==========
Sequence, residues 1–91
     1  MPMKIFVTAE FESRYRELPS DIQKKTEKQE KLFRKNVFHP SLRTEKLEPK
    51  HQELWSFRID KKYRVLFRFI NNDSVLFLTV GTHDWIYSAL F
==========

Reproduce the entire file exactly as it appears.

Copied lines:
Sequence, residues 1–91
     1  MPMKIFVTAE FESRYRELPS DIQKKTEKQE KLFRKNVFHP SLRTEKLEPK
    51  HQELWSFRID KKYRVLFRFI NNDSVLFLTV GTHDWIYSAL F